Nearly half a century of neglect has left sections of Japan's once bustling Izu peninsula a veritable ghost town.
The crumbling ruins of this once popular holiday camp and surrounding apartments are a jarring sight.
Once a thriving holiday destination for the Japanese, the area saw a steep decline in domestic tourism as affordable overseas flights became increasingly accessible at the turn of the 1970s, the Mail Online reported.
Photographer Thomas Jorion is inspired by urban ruins and condemned buildings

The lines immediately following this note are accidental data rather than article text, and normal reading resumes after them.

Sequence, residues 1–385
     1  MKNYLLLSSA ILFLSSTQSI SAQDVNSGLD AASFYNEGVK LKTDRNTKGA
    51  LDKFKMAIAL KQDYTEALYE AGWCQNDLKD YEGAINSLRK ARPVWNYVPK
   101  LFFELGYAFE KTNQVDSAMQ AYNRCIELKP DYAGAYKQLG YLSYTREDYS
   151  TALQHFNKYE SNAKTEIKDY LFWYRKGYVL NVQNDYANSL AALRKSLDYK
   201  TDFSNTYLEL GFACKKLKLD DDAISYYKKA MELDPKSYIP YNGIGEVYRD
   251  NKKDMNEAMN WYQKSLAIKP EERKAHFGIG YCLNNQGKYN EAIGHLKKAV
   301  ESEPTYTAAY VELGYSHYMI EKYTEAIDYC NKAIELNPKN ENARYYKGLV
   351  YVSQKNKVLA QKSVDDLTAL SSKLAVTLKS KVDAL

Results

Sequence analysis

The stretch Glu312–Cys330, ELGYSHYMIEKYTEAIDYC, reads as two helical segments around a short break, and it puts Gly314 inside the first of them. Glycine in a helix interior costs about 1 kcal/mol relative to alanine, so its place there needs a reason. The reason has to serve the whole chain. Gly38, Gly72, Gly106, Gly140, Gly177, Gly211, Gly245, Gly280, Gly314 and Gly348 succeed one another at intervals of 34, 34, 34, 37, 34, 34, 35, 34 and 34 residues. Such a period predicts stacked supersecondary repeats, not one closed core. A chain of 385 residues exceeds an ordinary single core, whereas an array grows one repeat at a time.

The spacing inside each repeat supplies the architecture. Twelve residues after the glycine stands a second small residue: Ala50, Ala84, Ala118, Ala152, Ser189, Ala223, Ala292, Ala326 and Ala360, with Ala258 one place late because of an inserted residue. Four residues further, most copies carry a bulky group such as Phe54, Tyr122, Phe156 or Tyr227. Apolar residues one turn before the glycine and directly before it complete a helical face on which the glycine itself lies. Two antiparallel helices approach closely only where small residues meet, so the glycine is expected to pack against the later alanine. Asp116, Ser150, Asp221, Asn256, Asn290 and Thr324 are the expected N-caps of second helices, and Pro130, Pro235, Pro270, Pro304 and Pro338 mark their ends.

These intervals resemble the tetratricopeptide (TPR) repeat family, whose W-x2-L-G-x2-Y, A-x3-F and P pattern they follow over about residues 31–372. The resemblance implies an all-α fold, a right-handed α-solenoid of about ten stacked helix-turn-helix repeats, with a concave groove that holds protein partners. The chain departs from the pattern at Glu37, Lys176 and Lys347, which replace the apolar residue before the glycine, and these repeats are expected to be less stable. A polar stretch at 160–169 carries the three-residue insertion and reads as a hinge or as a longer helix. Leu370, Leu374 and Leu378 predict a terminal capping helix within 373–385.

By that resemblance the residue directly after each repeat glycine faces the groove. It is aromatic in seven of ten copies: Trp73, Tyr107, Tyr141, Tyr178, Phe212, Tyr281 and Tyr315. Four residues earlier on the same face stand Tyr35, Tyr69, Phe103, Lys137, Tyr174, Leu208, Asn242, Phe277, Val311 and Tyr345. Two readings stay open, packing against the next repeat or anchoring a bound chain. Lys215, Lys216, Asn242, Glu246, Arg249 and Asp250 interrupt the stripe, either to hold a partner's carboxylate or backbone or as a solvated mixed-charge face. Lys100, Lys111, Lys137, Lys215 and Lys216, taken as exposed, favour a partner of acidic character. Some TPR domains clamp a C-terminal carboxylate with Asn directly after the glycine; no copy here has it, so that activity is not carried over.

The images were shot by photographer Thomas Jorion, who specialises in picturing urban ruins and condemned buildings.
In an interview with AnOther magazine in September, Jorion explained what draws him to such desolate scenes.
"The joy of imagining the photographs I’ll realize with light present in the place."
He added that he never stages a picture, nor does he ever use original light. Jorion uses a 4x5" large format camera and color negatives.
The Lonely Planet plugs the Izu peninsula as an antidote to the bright lights and buzz of Tokyo, though acknowledges it is "largely off the tourist radar."